Protests against new oil and gas pipeline construction are becoming more or less part of everyday life in the U.S. and Canada. Keystone XL, Dakota Access, Enbridge’s Line 5, Energy East, you name it. There seem to be dozens of new pipelines in the works, and almost all are the target of protests by environmentalists, Native American tribes and First Nations.
After the demise of the Keystone XL project, the Dakota Access pipeline seems to have garnered the most attention, with mass protests from Native American tribes and their supporters earlier this month succeeding in getting the project shelved – a move by the White House that energy industry insiders warned could set a dangerous precedent for other infrastructure projects, affecting the economic development of the country. Continue reading
This is reminiscent on the 45 stated goals of Communism, on Congressional Record, where the 30th to be implemented applies:
30. Discredit the American Founding Fathers. Present them as selfish aristocrats who had no concern for the “common man.”
Indeed it is Communism seeping into the system — since at least the 1960’s. It’s the beginning of a Communist revolution rising in America. Many see the symptoms, but not the cause.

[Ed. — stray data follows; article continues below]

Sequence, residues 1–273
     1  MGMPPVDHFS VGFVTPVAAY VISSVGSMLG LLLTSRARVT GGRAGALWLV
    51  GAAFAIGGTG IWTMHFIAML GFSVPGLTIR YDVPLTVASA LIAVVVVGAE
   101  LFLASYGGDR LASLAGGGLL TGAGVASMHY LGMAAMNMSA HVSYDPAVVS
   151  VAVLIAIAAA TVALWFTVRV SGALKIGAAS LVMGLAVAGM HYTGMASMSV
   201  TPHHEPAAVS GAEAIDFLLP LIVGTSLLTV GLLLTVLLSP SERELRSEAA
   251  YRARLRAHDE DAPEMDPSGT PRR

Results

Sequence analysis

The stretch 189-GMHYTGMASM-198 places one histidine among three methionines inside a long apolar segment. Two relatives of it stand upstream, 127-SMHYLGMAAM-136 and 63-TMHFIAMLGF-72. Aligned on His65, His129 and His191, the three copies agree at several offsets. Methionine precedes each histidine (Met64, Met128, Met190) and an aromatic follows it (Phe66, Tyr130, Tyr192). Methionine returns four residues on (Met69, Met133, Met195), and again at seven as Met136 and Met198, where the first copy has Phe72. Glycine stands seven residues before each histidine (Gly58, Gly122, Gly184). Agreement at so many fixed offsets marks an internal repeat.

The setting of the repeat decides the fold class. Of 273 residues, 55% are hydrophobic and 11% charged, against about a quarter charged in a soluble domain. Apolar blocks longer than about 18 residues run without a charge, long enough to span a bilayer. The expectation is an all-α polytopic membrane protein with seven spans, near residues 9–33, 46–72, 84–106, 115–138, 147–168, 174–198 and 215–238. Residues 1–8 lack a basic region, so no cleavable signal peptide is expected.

Will the new semester on college campuses be as crazy as the one that just ended? It’s only January and already the president of Ithaca College has announced his resignation in the face of student protests. The largest college in Oregon, Portland Community College, has recently declared April “Whiteness History Month,” not to celebrate white people, of course, but to study whiteness as a social construct. Some have called it “white shaming.”
But of all the protests that have swept across campuses in recent months, the ones that are especially troubling are those that seek to plant a kind of ‘malware’ that distorts and even erases history. It appeared most visibly at Princeton University, with calls to remove Woodrow Wilson’s name from its School of International and Public Affairs, as well as a mural of Wilson from the campus over his “racist legacy.” No matter that Wilson was an important president in Princeton’s development, or a widely acknowledged progressive president of the United States. His legacy should no longer be remembered or celebrated at Princeton because of his efforts to re-segregate the civil service.